Leaf miners support rich parasitoid assemblages and majority of these parasitoid species are generalists. Alien and invasive species are global problem and pose direct and indirect threat to ecosystem stability. Leafminers are very successfull invaders and they build up their populations soon aft er establishment in an new area. Invaders escape from their native parasitoids and have competitive advantage over native species in new area. Native parasitoids adapt to new host and new parasitoid assemblages are established. Croatia has rich native leafminer fauna with recently added alien and invasive species. Phyllonorycter roboris, Phyllonorycter quercifoliella, Tischeria ekebladella on Quercus robur and Q. petraea, Phyllonorycter klemannella on Alnus glutinosa are native leafminers. Phyllonorycter robiniella, Parectopa robinella on Robinia pseudoacacia, Phyllonorycter platani on Platanus sp., Cameraria ohridella on Aesculus hippocastanum and Phyllonorycter leucographella on Pyracantha coccinea are recently introduced invasive species in Croatia. In this research we tested the following hypotheses: a) native parasitoids have adapted to new hosts, b) these parasitoid species are generalists, c) native and alien species of leafminers with similar bioecological characteristics have similar parasitoid assemblages. The sites of research were chosen according to the host plant sites, in forests and parks in Croatia. The research was carried out from 2004-2006. Leaves with mines were collected and kept in glass containers in outside insectary until emergence of parasitoids. For each parasitoid assemblage the diversity indices were calculated: Domination index (D), Shannon's diversity index H and evenness of species E. Cluster analyses for comparison of similarities of parasitoid assemblages was done. In total, 28 taxa of parasitoids from the superfamily Chalcidoidea and 4 taxa from the superfamily of Ichneumonoidea have been found (Table 1). Table 1 shows domination index (D) for parasitoid species found for a host leaf miner. Th is research compares the parasitoid assemblages of diff erent species of leafminers, the results have been obtained aft er mass rearings of parasitoids from diff erent localities and diff erent collection times and it does not give detailed insight into parasitism percentages and the seasonal distribution of parasitoid species within a parasitoid assemblage. Table 2 shows values of Shannon's diversity index H and evenness of species E, and Figure 1 shows dendrogram from cluster analyses grouping leaf miner species according to the similarities of their parasitoid assemblages. The majority of parasitoid species found are generalist species found on other species of leaf miners from the order Lepidoptera. P. roboris/P. quercifoliella have the most diverse parasitoid assemblage (the highest H value) (Table 2) followed by T. ekebladella. Oaks support rich fauna of taxonomicaly and ecologicaly similar leaf miner species and free exchange of parasitoids is enabled among them. All the parasitoid species found on these leafminers are generalist. They also have the highest E value (Table 2) because they lack specifi c monophagous parasitoid species. P. klemannella has lower diversity indices H and E because of the dominance of specifi c parasitoids from Encyrtidae family. P. platani has two dominant parasitoid species Minotetrastichus platanellus and Pediobius saulius. Dendrogram shows that P. roboris/P. quercifoliella, P. robiniella, P. leucographella, Pa. robiniella i T. ekebladella have similar parasitoid assemblages. Very similar are T. ekebladella and Pa. robiniella, both host species grow on the same sites together (oak and black locust) and generalists can search for similar mines: white upper surface leaf mines. The greater linkage distance between P. klemannella i P. platani can be explained with the dominance of specifi c monophagous parasitoid species in the assemblage. The similarities between parasitoid assemblages of native (P. roboris/P. quercifoliella, T. ekebladella) and alien (P. leucographella, P. robiniella, Pa. robiniella, C. ohridella) leaf miner species show that the native generalist parasitoids have adapted to new hosts. Ten species of parasitoids have been found on C. ohridella, with Pediobius saulius and Minotetrastichus frontalis as two dominant species (Table 1). Th is research has shown that invasive leaf miner species in Croatia have recruited a parasitoid community similar to the native leaf miner species and that this process has occurred quite rapidly.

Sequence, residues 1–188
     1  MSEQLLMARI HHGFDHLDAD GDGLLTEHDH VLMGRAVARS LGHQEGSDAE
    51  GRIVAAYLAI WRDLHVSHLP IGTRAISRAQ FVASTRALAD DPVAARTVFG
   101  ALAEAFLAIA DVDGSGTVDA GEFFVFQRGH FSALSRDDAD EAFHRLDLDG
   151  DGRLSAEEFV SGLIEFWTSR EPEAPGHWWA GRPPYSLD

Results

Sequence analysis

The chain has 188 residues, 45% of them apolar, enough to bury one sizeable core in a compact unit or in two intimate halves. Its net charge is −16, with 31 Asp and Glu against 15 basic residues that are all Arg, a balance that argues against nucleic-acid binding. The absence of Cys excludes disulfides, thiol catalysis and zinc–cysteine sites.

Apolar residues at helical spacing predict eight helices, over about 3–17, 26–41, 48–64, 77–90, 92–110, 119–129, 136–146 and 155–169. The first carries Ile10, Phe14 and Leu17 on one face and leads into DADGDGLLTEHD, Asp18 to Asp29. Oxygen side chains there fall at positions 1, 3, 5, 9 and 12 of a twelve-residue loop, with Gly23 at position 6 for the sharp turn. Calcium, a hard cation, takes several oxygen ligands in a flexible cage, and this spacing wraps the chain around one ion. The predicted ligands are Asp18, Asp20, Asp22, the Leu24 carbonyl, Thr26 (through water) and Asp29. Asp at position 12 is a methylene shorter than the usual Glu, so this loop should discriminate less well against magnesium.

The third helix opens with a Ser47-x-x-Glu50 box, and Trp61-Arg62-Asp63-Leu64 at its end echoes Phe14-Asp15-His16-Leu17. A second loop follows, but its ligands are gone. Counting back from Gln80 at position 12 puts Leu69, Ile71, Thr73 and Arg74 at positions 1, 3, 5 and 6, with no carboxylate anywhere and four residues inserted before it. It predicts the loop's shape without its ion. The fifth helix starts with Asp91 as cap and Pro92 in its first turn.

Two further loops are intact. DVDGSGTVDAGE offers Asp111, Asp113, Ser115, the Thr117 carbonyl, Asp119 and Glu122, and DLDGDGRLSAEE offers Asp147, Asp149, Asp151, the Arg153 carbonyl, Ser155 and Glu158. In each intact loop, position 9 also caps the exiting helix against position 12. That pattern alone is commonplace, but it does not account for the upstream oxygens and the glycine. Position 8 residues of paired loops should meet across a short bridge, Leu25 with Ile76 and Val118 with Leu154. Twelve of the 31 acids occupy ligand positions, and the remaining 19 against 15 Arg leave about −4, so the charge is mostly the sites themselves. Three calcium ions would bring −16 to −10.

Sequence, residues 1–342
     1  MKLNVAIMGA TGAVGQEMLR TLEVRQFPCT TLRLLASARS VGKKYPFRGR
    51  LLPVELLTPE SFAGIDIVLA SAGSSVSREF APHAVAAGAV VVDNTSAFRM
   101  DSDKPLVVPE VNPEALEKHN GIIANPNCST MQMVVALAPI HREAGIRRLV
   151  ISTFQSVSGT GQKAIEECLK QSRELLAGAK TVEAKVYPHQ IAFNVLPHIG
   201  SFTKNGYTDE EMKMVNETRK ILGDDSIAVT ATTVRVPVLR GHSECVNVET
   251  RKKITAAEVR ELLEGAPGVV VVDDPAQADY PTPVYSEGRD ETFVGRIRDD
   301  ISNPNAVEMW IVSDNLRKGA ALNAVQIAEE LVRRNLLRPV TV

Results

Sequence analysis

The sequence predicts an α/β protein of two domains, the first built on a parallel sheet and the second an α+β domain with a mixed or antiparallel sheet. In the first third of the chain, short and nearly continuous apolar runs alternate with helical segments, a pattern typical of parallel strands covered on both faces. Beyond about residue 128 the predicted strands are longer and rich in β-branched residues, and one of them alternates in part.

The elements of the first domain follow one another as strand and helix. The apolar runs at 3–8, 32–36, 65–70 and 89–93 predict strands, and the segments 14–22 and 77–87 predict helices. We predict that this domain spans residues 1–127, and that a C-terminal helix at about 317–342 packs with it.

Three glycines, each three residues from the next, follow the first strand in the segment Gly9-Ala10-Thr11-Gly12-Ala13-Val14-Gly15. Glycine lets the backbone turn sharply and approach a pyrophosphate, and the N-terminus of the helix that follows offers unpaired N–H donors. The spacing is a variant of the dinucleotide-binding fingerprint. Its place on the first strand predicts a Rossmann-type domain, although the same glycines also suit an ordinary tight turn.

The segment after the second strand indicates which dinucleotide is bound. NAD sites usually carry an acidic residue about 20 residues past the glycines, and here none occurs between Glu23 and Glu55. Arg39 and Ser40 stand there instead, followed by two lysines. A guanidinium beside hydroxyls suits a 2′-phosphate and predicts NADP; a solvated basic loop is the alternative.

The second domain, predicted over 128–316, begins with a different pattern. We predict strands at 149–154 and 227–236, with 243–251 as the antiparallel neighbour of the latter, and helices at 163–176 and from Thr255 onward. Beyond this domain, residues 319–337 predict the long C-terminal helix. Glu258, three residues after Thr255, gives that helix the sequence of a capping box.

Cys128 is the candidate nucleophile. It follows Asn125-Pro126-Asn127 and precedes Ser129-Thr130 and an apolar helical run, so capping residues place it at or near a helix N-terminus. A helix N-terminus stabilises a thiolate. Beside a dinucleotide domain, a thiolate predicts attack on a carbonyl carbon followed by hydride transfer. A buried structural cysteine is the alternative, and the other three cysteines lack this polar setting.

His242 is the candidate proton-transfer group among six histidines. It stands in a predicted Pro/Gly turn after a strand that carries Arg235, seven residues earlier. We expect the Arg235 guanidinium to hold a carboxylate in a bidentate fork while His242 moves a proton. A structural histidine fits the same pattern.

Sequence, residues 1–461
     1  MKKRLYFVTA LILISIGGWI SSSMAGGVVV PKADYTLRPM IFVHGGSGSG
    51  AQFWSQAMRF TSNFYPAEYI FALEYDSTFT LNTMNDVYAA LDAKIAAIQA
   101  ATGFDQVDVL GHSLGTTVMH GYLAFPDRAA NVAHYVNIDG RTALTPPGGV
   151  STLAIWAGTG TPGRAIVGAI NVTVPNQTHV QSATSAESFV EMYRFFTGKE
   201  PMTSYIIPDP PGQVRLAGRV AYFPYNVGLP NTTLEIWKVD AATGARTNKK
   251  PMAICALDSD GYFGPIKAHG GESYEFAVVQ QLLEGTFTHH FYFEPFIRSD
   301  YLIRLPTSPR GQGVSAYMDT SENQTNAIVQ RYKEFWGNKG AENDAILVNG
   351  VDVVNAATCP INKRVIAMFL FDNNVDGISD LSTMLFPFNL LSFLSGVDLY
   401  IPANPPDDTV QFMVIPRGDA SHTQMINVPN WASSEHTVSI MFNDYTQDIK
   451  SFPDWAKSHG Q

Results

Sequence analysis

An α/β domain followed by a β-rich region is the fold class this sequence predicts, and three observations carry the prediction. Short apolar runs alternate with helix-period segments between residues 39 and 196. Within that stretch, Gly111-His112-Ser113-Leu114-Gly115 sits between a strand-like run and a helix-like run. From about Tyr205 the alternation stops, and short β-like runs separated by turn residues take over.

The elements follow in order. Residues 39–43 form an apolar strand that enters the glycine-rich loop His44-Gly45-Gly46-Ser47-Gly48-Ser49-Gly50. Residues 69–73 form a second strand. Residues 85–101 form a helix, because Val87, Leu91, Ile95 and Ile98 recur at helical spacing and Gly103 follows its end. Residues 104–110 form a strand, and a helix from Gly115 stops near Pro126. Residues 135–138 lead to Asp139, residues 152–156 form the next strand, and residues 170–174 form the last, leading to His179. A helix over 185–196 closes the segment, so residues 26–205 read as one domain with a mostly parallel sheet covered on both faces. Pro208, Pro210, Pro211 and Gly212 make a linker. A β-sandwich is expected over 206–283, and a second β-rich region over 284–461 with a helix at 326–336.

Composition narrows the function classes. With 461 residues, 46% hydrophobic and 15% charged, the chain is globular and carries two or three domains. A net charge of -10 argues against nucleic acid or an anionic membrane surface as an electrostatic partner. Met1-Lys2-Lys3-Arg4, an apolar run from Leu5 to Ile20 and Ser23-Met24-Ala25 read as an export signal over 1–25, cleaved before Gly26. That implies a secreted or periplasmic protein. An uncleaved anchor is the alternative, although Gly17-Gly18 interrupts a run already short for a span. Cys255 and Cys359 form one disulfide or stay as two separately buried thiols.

Matosevic D.,Hrvatski Sumarski Institute |